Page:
Breton Women with Seaweed

Emile Bernard (French, 1868-1941)

Currently on View in H208
Image Licensing

In this enigmatic scene, four women occupy a stark landscape. The red form looming behind them is probably a mound of seaweed, gathered by the Bretons for fertilizer.

The interlocking shapes bound by dark borders exemplify Cloisonism, a style Bernard developed in the mid-1880s, inspired by the outlines of cloisonné enamel or stained glass.

The canvas may be unfinished, but its emphasis on pure form and pattern approaches the fully abstract work of the next generation.

Estate of the artist; to Elizabeth Bernard Altarriba, daughter of the artist, Paris;{1} purchased from her in 1959 by Samuel Josefowitz;{2} acquired as a partial gift, partial purchase by the IMA in 1998 (1998.173).

{1} Elizabeth Bernard, or Mrs. Clément Altarriba, verified her ownership of this painting in a signed statement on the verso of a photographic reproduction: "Toile inachevée d'Emile Bernard, Provient de la collection de Madame Altarriba, Elizabeth Bernard, fille d'Emile Bernard." Her husband, Clément Altarriba, owned a gallery in Paris in the mid 1940s.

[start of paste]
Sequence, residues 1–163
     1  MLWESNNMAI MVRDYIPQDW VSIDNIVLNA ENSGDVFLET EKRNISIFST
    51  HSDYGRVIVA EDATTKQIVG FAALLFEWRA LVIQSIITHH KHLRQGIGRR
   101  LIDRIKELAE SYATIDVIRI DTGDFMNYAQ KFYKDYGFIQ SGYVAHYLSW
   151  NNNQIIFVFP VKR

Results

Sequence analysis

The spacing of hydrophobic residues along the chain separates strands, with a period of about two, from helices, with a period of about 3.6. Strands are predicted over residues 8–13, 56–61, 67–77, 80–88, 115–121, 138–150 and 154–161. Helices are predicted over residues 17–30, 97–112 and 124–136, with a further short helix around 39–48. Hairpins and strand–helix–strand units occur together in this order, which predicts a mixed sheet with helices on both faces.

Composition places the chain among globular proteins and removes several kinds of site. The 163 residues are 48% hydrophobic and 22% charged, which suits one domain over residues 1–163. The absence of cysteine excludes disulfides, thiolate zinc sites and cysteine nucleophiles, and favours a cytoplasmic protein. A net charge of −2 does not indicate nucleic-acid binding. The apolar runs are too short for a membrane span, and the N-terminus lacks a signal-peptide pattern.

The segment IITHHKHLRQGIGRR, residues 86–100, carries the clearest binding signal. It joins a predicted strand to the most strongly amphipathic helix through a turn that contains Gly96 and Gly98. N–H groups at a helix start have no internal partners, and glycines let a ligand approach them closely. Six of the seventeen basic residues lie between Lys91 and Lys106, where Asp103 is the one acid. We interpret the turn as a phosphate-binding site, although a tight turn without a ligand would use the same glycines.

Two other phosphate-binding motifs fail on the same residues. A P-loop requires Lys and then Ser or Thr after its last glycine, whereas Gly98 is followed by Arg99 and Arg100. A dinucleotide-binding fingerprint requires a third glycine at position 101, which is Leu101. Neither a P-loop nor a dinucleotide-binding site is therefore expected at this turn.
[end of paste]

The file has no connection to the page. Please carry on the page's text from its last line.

{2} See Josefowitz inventory card, copy in IMA Provenance file (1998.173).

Object Information

Emile Bernard (French, 1868-1941)
creation date
about 1892
oil on canvas
31-7/8 x 25-13/16 in.
40-1/4 x 34 in. (framed)
mark descriptions
signed L.L.: Emile Bernard
accession number
credit line
Samuel Josefowitz Collection of the School of Pont-Aven, through the generosity of Lilly Endowment Inc., the Josefowitz Family, Mr. and Mrs. James M. Cornelius, Mr. and Mrs. Leonard J. Betley, Lori and Dan Efroymson, and other Friends of the Museum
Public Domain
European Painting and Sculpture 1800-1945

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